Retired Biology Professor: 'Time for Your Checkup, Earth'

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Gordon Hunter’s new book addresses global warming, climate change.

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I drive a hybrid car, have solar panels on my house, I recycle, I use the latest improvements of low-wattage lighting, etc. I use every opportunity to inform the public of the dangers of global warming and climate change.

NASA’s climate home page, http://climate.nasa.gov, indicates that January 2000 to December 2009 was the warmest decade on record. Furthermore, carbon dioxide levels are at their highest in 650, 000 years.

Author and retired biology professor Gordon Hunter takes these statistics seriously, doing whatever he can to improve Earth’s vital signs. After nearly 35 years of teaching, he turned his passion for biology and the environment into his new educational and entertaining read, “How Are You Mother Earth?”

“I drive a hybrid car, have solar panels on my house, I recycle, I use the latest improvements of low-wattage lighting, etc,” Hunter says. “I use every opportunity to inform the public of the dangers of global warming and climate change.”

Focusing on global warming, climate change and natural energy consumption, “How Are You Mother Earth?” puts the current “health” of the environment into perspective without complicated scientific explanations.

Proposing that the government, corporations and the general public work together toward this worthy cause, Hunter’s new book will have readers thinking twice about their choices and actions when it comes to the environment.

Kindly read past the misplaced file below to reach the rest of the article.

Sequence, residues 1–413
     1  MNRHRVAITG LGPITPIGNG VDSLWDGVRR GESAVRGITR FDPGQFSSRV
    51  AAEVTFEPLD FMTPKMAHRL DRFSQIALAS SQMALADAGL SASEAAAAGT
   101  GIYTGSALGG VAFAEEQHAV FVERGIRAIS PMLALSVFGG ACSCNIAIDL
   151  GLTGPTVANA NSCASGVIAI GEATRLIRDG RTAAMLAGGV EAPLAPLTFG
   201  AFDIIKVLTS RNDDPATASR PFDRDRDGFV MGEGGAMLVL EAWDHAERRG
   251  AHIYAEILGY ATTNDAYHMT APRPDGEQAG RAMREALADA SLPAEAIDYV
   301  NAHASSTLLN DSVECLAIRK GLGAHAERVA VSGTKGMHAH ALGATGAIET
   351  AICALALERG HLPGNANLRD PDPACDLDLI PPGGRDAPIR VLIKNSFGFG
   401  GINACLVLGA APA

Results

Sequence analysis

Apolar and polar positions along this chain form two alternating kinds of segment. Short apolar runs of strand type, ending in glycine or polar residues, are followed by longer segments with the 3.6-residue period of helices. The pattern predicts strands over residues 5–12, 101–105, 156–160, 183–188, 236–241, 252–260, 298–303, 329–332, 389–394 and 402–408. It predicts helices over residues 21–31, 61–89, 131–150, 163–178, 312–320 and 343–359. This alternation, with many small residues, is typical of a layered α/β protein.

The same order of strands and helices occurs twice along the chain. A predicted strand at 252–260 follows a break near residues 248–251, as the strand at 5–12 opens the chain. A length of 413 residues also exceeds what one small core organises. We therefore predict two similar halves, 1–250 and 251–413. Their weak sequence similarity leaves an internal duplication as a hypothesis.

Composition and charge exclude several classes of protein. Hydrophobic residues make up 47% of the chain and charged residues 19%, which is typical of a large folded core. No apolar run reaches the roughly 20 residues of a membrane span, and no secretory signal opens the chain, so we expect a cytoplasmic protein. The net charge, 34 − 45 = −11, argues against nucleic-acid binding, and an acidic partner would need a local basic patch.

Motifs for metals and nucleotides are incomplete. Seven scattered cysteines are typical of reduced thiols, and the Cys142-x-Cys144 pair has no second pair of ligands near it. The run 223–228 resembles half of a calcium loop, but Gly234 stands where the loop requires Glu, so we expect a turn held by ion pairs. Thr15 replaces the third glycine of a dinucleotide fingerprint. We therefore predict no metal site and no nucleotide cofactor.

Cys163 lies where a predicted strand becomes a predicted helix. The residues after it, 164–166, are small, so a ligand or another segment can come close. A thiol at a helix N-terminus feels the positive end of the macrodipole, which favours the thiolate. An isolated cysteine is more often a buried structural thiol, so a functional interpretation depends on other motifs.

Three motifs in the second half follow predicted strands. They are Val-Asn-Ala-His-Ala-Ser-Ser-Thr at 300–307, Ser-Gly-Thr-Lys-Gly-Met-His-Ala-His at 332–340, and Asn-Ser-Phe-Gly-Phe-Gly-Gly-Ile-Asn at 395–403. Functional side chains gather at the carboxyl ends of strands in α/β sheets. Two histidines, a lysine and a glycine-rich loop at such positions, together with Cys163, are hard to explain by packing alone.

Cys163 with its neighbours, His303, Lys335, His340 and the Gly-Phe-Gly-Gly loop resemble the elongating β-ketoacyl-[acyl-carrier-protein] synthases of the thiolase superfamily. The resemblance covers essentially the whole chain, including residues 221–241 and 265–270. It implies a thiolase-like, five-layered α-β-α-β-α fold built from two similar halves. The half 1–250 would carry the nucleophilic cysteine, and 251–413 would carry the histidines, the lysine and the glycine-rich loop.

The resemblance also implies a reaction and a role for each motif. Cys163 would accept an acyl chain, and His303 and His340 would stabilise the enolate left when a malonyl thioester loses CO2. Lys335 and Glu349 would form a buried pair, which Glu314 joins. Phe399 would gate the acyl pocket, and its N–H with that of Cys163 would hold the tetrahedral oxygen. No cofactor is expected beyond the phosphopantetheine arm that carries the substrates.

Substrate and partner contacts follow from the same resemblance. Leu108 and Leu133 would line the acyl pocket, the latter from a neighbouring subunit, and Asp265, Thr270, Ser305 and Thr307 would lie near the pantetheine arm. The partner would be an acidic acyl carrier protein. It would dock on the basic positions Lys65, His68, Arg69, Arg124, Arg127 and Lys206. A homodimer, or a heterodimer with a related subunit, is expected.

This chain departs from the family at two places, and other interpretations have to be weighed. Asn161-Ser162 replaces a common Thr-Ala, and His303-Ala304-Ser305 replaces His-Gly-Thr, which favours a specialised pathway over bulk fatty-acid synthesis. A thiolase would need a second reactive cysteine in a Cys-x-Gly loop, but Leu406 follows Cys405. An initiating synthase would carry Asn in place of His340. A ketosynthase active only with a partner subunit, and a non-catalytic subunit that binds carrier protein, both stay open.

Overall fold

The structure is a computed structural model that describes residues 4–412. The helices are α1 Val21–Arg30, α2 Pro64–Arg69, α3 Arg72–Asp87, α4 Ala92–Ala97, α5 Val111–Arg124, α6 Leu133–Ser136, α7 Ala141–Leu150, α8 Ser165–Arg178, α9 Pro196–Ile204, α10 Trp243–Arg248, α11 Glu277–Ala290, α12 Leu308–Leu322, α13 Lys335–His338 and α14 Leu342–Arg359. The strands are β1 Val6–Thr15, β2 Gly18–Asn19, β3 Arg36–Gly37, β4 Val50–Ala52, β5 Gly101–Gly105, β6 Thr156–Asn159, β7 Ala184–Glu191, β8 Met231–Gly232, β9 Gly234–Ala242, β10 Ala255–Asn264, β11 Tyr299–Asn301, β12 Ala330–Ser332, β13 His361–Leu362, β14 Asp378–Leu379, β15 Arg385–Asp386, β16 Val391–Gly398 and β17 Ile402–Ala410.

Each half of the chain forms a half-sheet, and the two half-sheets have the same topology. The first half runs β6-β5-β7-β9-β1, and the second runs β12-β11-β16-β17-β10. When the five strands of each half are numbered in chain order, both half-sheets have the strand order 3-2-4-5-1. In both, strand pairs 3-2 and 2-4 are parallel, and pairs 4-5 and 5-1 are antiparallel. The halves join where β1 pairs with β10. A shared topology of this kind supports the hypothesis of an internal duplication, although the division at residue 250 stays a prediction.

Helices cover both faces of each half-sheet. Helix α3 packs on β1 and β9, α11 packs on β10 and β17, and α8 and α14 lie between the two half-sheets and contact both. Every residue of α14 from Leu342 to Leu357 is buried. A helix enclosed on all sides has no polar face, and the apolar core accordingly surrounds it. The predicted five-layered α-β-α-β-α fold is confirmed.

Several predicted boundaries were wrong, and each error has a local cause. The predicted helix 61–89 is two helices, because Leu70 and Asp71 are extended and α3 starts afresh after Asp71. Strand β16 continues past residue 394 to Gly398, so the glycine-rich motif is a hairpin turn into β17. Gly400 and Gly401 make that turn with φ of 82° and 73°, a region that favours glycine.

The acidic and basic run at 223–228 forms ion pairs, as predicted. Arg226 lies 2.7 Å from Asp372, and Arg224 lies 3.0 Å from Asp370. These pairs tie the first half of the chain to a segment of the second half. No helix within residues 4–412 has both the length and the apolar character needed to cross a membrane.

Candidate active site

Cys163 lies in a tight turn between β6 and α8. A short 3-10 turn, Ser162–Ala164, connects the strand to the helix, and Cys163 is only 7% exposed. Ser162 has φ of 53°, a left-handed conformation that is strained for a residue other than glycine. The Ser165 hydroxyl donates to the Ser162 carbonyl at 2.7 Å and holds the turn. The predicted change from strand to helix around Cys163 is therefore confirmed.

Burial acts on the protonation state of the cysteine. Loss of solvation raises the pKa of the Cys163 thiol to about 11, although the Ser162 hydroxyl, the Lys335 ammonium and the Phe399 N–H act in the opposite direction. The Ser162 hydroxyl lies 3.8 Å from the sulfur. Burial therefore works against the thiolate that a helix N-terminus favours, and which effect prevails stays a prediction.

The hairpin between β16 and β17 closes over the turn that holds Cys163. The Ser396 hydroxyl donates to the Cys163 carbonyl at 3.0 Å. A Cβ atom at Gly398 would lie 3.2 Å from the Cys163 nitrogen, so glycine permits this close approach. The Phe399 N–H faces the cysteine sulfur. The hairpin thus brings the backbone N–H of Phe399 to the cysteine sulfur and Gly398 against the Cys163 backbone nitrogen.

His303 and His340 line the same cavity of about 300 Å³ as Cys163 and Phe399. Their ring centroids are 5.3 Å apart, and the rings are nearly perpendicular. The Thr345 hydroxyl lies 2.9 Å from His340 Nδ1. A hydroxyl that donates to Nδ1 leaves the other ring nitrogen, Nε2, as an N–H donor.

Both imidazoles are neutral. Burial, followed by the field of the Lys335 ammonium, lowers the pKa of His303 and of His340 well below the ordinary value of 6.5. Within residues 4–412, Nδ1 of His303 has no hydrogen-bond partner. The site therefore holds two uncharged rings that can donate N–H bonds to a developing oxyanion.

“We know how to correct it,” Hunter says. “All we need now is the unity to make it happen.”

“How Are You Mother Earth? We’re Taking You to the Doctor” by Gordon Hunter
Paperback, $24.40
e-Book, $3.99
ISBN: 978-1-46699-355-6
Available at amazon.com, barnesandnoble.com and bookstore.trafford.com

About the Author
Gordon Hunter is recognized as professor emeritus for his service as a professor of biology for 34 years. He also served as a public school science consultant for five years, and he has been nationally recognized as an award-winning professor. He has been a Habit for Humanity committee member for more than 20 years. Hunter currently resides in Cookeville, Tenn., with his wife, and he is a proud grandfather of seven and great-grandfather of four.

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Andrea Hawman
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